Spotted - Sunshine Coast’s own 'flying Migaloo'
  • Monday 07 September 2015
imageA rarely seen white Grey-headed Flying-fox has been spotted by Sunshine Coast Council officers at a local Flying-fox roost.

The “flying Migaloo” is a rare leucistic form of the threatened Grey-headed Flying-fox.

Environment Portfolio Councillor Jenny McKay said an Environment Levy funded study into Flying-foxes recently identified the spectacular white Grey-headed Flying-fox at a local roost.

“Made possible by the Environment Levy, this pioneering research and monitoring program enables Council to build knowledge on the Sunshine Coast Flying-fox populations to inform and improve Flying-fox management in the region,” Cr McKay said.

“Our own ‘flying Migaloo’ is easy to identify and it’s hoped Council can learn more about his movement patterns as he tours the Sunshine Coast

“With National Threatened Species Day on Monday September 7, it’s appropriate to highlight that the Grey-headed Flying-foxes are listed as vulnerable and nationally protected under the Environment Protection & Biodiversity Conservation Act.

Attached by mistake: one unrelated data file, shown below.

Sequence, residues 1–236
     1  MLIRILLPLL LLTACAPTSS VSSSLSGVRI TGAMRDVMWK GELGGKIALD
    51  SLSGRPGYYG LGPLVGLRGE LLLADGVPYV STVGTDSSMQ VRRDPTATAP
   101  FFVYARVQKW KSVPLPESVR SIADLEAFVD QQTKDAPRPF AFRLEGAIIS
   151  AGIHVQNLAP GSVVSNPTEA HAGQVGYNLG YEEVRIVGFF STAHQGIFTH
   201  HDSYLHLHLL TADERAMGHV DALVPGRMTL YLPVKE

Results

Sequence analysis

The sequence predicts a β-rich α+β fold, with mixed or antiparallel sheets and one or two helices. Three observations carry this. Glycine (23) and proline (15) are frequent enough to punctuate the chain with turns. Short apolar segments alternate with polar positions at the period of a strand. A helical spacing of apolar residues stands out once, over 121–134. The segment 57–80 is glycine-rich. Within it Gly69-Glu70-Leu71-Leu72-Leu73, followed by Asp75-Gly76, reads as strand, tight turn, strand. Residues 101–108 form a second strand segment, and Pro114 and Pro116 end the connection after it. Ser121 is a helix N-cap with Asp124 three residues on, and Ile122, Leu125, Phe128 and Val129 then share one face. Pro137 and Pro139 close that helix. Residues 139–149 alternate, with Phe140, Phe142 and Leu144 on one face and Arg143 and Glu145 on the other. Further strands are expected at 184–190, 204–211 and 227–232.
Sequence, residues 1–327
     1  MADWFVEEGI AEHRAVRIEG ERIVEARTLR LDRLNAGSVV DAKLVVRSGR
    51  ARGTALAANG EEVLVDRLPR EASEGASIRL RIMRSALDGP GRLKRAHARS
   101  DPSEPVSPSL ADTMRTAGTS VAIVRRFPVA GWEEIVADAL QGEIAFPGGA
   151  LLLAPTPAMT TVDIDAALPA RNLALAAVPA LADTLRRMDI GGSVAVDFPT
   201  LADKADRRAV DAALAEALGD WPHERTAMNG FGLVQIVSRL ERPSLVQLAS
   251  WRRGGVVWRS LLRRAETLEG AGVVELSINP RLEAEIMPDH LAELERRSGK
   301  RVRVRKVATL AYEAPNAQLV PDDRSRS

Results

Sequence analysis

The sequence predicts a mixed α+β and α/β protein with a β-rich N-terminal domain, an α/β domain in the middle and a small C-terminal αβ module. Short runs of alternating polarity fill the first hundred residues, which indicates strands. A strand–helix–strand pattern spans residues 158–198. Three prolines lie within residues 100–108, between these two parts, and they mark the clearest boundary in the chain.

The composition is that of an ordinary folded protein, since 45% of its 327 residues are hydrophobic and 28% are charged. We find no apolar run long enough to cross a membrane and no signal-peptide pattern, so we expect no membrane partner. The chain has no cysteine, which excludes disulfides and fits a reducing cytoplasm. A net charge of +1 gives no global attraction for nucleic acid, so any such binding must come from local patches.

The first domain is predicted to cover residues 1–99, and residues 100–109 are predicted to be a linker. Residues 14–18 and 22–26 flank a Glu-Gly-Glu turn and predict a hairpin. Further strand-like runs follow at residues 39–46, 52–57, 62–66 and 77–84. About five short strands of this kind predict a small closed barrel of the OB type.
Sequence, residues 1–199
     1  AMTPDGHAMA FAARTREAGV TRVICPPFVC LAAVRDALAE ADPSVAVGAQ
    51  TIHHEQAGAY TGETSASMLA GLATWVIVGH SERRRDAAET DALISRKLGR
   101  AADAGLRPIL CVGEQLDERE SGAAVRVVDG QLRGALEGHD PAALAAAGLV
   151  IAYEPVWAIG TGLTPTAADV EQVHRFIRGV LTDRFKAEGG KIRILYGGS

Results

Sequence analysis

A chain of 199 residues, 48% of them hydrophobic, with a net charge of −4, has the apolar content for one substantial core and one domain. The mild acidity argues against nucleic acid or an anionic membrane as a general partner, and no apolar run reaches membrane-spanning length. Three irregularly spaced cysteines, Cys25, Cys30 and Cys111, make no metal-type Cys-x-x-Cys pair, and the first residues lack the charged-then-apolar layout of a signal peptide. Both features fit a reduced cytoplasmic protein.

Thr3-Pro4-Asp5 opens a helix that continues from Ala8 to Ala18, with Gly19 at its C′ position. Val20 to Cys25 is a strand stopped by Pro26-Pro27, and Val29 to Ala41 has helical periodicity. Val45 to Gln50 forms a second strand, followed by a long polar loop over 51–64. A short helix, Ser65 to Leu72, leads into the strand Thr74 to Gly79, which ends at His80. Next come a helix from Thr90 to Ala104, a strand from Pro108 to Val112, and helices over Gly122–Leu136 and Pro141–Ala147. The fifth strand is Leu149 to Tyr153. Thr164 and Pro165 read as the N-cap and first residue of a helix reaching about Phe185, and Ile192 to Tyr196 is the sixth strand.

“Flying-foxes are vital to the long term survival of our native forests because of their role in long distance pollination and seed dispersal.”

Fast facts
  • Leucistic animals are more vulnerable to predators due to their colouration and it is unusual for them to survive to adulthood.
  • Leucism is a condition in which there is a partial loss of pigmentation in an animal resulting in white, pale, or patchy colouration of the skin, hair, feathers, scales or cuticles, but not the eyes.
  • The male leucistic Grey-headed Flying-fox was found during routine monitoring of the coastal and lowland urban roosts of the Sunshine Coast.
  • National Threatened Species Day (NTSD) is held on September 7 each year, commemorating the death of the last Tasmanian tiger at Hobart Zoo in 1936.